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Does Social Security Privatization Produce Efficiency Gains?

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  • Shinichi Nishiyama

    (Georgia State University)

  • Kent Smetters

    (The Wharton School, University of Pennsylvania)

Abstract

While privatizing Social Security can improve labor supply incentives, it can also reduce risk sharing when households face uninsurable risks. We simulate a stylized 50-percent privatization using an overlapping-generations model where heterogeneous agents with elastic labor supply face idiosyncratic earnings shocks and longevity uncertainty. When wage shocks are insurable, privatization produces about $21,900 of new resources for each future household (growth adjusted over time) after all households have been fully compensated for their possible transitional losses. However, when wages are not insurable, privatization reduces efficiency by about $5,600 per future household despite improved labor supply incentives. We check the robustness of these results to different model specifications and arrive at several surprising conclusions. First, privatization actually performs relatively better in a closed economy, where interest rates decline with capital accumulation, than in an open economy where capital can be accumulated without reducing interest rates. Second, privatization also performs relatively better when an actuarially-fair private annuity market does not exist than when it does exist. Third, introducing progressivity into the privatized system to restore risk sharing must be done carefully. In particular, having the government match private contributions on a progressive basis is not very effective at restoring risk-sharing—too much matching actually harms efficiency. However, increasing the progressivity of the remaining traditional system is very effective at restoring risk sharing, thereby allowing partial privatization to produce efficiency gains of $2,700 per future household.

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Bibliographic Info

Paper provided by University of Michigan, Michigan Retirement Research Center in its series Working Papers with number wp106.

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Length: 42 pages
Date of creation: Oct 2005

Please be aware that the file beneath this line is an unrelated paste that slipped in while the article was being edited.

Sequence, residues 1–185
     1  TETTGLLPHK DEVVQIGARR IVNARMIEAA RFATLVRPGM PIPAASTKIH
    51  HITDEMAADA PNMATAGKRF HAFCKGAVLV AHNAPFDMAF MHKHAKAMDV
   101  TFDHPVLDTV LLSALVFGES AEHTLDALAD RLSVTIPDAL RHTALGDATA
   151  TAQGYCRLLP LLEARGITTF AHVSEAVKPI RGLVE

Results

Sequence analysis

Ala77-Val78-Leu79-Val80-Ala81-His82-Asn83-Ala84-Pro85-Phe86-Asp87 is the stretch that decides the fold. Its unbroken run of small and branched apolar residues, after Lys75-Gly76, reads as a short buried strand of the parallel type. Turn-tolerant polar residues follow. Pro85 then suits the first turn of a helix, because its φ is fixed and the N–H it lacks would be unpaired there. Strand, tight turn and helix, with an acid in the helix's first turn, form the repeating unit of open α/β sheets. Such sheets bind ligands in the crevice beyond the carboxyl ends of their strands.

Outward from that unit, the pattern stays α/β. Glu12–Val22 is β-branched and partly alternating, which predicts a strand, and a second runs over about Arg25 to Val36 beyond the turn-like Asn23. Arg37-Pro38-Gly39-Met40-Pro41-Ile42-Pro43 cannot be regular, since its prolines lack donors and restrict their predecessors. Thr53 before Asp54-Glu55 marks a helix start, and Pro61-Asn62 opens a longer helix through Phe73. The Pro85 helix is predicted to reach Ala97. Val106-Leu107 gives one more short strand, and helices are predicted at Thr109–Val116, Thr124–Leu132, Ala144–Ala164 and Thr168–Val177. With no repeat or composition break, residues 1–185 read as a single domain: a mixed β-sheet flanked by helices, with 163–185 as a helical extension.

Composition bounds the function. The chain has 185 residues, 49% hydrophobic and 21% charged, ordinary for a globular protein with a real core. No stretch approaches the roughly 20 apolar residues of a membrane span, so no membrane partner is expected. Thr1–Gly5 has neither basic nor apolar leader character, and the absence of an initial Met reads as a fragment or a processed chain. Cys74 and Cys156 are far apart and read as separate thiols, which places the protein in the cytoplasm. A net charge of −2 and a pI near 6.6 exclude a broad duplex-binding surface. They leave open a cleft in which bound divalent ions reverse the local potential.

Date of revision:
Handle: RePEc:mrr:papers:wp106

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  1. Alan L. Gustman & Thomas L. Steinmeier, 2000. "How Effective is Redistribution Under the Social Security Benefit Formula?," Working Papers wp005, University of Michigan, Michigan Retirement Research Center.
  2. Imrohoroglu, Ayse & Imrohoroglu, Selahattin & Joines, Douglas H, 1995. "A Life Cycle Analysis of Social Security," Economic Theory, Springer, vol. 6(1), pages 83-114, June.
  3. Peter Diamond, 2004. "Social Security," American Economic Review, American Economic Association, vol. 94(1), pages 1-24, March.
  4. Mariger, Randall P., 1999. "Social Security Privatization: What Are the Issues?," National Tax Journal, National Tax Association, vol. 52(n. 4), pages 783-802, December.
  5. Robert J. Shiller, 1998. "Social Security and Institutions for Intergenerational, Intragenerational, and International Risk Sharing," NBER Working Papers 6641, National Bureau of Economic Research, Inc.
  6. Shinichi Nishiyama & Kent Smetters, 2005. "Consumption Taxes and Economic Efficiency with Idiosyncratic Wage Shocks," Journal of Political Economy, University of Chicago Press, vol. 113(5), pages 1088-1115, October.
  7. David Altig, 2001. "Simulating Fundamental Tax Reform in the United States," American Economic Review, American Economic Association, vol. 91(3), pages 574-595, June.
  8. Mariacristina De Nardi & Selahattin Imrohoroglu & Thomas J. Sargent, 1999. "Projected U.S. Demographics and Social Security," Review of Economic Dynamics, Elsevier for the Society for Economic Dynamics, vol. 2(3), pages 575-615, July.
  9. Martin Feldstein, 1995. "Would Privatizing Social Security Raise Economic Welfare?," NBER Working Papers 5281, National Bureau of Economic Research, Inc.
  10. Shinichi Nishiyama, 2004. "Analyzing an Aging Population," 2004 Meeting Papers 175, Society for Economic Dynamics.
  11. Shinichi Nishiyama, 2002. "Bequests, Inter Vivos Transfers, and Wealth Distribution," Review of Economic Dynamics, Elsevier for the Society for Economic Dynamics, vol. 5(4), pages 892-931, October.
  12. Floden, M. & Linde, J., 1998. "Idiosyncratic Risk in the U.S. and Sweden: Is there a Role for Government Insurance?," Papers 654, Stockholm - International Economic Studies.
  13. Shone,Ronald, 2002. "Economic Dynamics," Cambridge Books, Cambridge University Press, number 9780521017039, October.
  14. Juan C. Conesa & Dirk Krueger, 1999. "Social Security Reform with Heterogeneous Agents," Review of Economic Dynamics, Elsevier for the Society for Economic Dynamics, vol. 2(4), pages 757-795, October.
  15. Shinichi Nishiyama, 2004. "Analyzing an Aging Population---A Dynamic General Equilibrium Approach---," CIRJE F-Series CIRJE-F-266, CIRJE, Faculty of Economics, University of Tokyo.
  16. Murphy, Kevin M & Welch, Finis, 1998. "Perspectives on the Social Security Crisis and Proposed Solutions," American Economic Review, American Economic Association, vol. 88(2), pages 142-50, May.
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